Protocol Model Development
Prior to beginning the development of ProtoCat 3.0, we did research on currently used protocol models. We began by brainstorming with members of our team who had lab experience to get a foundation upon which we could improve. We tested the robustness of this initial model by trying to represent the protocols uploaded to ProtoCat 2.0 with our new model, tweaking and updating it along the way. Once we felt our model could adequately handle the protocols we anticipated in ProtoCat 3.0, we met with our adviser, Dr. Santiago Schnell, and ran our protocol model by him. Taking his feedback, we went back and further refined our model to the one that we use in our current implementation of ProtoCat 3.0.
Standard Protocol Format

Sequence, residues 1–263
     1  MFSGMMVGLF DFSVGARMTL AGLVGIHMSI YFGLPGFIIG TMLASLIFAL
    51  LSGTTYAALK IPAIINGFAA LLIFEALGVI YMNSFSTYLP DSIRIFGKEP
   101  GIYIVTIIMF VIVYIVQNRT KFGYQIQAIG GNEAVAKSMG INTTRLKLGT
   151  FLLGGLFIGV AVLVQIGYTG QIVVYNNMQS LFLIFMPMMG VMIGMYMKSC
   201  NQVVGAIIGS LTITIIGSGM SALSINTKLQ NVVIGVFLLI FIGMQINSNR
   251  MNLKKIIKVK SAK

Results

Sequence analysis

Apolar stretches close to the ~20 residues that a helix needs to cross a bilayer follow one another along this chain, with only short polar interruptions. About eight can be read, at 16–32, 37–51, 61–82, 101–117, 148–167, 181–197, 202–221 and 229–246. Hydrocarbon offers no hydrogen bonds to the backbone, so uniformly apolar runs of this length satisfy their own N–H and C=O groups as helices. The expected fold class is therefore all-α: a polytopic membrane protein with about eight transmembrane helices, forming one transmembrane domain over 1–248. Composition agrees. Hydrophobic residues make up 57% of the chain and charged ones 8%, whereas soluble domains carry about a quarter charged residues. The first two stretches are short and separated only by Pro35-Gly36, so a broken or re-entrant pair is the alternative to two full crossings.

Standardization in synthetic biology has gained a lot of traction, such as the BioBrick and Registry of Standardized Biological Parts. However, the procedures used to generate them tend to be diverse in nature, with a bacterial transformation protocol likely requiring different information than a ligation protocol. Online protocol repositories must account for such differences when creating their data models, which will usually require either a simplified model (such as solely text-based) or a more arduous upload process. These different models become a problem when trying to share protocols between the repositories, because the formats that the protocols are stored in are not compatible and require an external conversion tool to get from one format to the other. In order to begin working towards a standardized protocol format format, we reached out to OpenWetWare and Protocols.io, two well known protocol repositories. We have began discussing how we will reconcile our respective protocol models in order to get the best protocol model. The first steps have been taken to build a cooperative relationship and create a standard protocol that will help make protocols even easier to use, test, review, and design.